Goshen College has led a robust effort over the past decade to attract international students and become an intercultural campus.
Goshen College’s Study-Service Term (SST) program has been ranked fourth on a list of the 50 best study abroad program in America. Since the SST program began in 1968, nearly 8,000 students have participated in 24 countries worldwide.
“My favorite place in the world,” said Andrea Medina, a Goshen College senior social work major from Goshen, “is Alhambra, an ancient Islamic palace in Granada, Spain.”
Goshen College nursing students, with the help of a GC nursing alum, experienced the realities of nursing abroad and found new “sisters” during a May term class in Nepal.
Six international courses will take students across the globe to Nepal, Kenya, Greece, Italy, China, Spain and Morocco – and that’s doesn’t even include the summer Study-Service Term (SST) units in Peru, Senegal and Nicaragua that begin in May. Many of these classes are interdisciplinary and open to all students regardless of year or major.
Four years ago, Heather Zimmerman came to Goshen College from Guam to study American Sign Language. Now, she has graduated and is taking her passion for ASL to give back to the country from which she came.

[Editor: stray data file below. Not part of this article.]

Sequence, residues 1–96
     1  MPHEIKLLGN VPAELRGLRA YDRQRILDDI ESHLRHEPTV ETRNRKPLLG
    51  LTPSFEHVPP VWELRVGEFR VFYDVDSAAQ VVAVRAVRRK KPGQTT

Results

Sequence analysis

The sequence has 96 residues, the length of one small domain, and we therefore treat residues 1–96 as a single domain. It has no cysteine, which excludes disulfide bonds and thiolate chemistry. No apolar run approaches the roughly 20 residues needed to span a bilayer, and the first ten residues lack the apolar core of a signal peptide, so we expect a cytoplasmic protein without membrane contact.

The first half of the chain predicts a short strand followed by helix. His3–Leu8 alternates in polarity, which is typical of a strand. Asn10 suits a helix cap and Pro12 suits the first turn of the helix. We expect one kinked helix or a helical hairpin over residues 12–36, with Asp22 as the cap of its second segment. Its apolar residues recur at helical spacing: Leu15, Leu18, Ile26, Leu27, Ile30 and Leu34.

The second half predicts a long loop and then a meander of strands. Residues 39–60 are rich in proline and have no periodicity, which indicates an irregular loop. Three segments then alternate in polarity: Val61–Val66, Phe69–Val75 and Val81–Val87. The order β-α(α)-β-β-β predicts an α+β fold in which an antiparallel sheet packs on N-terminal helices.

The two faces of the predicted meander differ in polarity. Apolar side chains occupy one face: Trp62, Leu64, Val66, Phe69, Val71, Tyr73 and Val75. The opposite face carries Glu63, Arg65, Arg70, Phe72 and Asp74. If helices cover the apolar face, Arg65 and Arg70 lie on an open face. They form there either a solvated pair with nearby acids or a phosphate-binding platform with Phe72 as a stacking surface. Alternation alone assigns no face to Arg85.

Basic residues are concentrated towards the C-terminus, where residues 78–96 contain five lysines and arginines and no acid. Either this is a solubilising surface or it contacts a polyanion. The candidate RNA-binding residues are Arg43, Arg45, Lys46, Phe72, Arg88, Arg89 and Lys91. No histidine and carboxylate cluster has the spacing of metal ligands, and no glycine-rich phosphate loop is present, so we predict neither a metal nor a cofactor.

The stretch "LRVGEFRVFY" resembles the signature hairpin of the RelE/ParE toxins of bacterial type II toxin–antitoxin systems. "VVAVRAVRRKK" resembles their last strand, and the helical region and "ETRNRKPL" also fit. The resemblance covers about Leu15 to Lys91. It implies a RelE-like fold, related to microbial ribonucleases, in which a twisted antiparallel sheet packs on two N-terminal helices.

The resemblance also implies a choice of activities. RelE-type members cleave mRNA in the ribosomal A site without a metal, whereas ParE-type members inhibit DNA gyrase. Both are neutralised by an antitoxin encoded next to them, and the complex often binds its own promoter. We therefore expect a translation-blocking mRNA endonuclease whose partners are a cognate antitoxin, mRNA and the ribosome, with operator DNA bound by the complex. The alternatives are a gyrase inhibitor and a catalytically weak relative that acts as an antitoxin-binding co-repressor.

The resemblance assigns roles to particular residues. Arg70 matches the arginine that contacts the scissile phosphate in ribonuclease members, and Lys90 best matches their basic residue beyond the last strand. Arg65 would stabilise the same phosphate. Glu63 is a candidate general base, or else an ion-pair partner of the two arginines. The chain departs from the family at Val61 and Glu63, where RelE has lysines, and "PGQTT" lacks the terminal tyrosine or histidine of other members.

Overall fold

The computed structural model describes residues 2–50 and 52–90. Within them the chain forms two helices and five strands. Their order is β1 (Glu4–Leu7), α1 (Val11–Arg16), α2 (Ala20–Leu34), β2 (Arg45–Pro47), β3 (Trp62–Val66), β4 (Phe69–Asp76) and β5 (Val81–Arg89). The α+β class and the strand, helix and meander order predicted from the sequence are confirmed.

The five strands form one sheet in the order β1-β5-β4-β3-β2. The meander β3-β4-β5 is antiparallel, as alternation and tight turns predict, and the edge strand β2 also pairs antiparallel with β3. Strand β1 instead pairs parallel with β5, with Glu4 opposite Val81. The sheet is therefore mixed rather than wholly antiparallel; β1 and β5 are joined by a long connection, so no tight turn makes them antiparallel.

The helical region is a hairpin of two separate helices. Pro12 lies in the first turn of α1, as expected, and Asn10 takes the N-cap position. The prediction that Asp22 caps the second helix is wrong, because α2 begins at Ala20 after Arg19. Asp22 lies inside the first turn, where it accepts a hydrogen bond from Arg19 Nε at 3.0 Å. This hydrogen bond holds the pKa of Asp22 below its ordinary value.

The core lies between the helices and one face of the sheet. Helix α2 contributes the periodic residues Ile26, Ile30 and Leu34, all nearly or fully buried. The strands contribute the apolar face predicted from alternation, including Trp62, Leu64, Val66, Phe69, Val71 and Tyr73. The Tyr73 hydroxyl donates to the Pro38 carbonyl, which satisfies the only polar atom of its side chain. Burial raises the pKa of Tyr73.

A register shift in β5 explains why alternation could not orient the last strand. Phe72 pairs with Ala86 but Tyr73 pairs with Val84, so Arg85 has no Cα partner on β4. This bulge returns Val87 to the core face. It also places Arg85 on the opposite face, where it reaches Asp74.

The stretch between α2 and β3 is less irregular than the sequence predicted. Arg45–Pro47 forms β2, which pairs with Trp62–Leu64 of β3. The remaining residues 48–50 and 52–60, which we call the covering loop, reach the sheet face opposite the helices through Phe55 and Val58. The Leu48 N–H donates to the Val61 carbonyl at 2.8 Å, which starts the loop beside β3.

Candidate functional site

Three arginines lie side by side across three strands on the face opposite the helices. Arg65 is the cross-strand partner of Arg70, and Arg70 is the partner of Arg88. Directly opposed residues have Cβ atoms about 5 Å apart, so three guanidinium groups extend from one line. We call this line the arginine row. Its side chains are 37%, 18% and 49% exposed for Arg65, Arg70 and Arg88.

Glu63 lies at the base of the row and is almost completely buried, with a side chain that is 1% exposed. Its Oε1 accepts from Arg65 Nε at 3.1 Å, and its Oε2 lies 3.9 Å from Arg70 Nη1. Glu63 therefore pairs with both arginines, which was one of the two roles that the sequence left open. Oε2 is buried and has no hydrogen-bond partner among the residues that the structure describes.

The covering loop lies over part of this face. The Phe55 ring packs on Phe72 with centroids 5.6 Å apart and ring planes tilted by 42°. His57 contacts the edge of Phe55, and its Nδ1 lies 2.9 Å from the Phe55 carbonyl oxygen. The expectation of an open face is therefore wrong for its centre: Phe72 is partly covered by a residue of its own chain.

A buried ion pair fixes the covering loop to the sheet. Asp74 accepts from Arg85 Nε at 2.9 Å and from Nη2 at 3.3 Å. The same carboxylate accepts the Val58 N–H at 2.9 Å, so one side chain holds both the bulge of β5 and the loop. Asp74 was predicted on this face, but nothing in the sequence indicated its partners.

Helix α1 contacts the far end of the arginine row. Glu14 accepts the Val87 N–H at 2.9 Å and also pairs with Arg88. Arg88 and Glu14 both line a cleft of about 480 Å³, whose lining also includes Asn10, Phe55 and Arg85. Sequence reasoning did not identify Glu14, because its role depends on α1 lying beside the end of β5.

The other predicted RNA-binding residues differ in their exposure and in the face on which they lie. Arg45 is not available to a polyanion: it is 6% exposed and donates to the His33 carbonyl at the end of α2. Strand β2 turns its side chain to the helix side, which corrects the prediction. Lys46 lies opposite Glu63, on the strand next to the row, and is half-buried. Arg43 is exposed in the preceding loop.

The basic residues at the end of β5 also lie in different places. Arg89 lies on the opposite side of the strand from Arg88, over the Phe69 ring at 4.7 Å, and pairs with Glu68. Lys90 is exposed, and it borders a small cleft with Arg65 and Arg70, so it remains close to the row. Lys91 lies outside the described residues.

While most college students spent their summers working a summer job and taking a break from studies, four Goshen College students and recent alumni spent the summer riding around the African savanna in a Land Rover, spotting elephants and studying fire ecology with their professor.
Irene Bornman, of Goshen, brought pieces of Senegal back to Indiana with her when she returned from her nine-year stay in Senegal. Using locally acquired fabrics from markets in Senegal and Mali, Bornman made a variety of comforters and quilts, which will be on display in Goshen College’s Good Library Gallery starting May 8 in the exhibit, “Senegal Fabric in Indiana Patchwork: The Quilts of Irene Bornman.”
In the Fall of 2010, 19 Goshen College students engaged in a fascinating Study-Service Term in Egypt under the leadership of Director of International Education Tom Meyers. After a semester, the students returned home on the eve of a turning point of history: the popular uprising that forced the resignation of President Hosni Mubarak, who had ruled Egypt for three decades. Four of the students have shared their transformative experiences.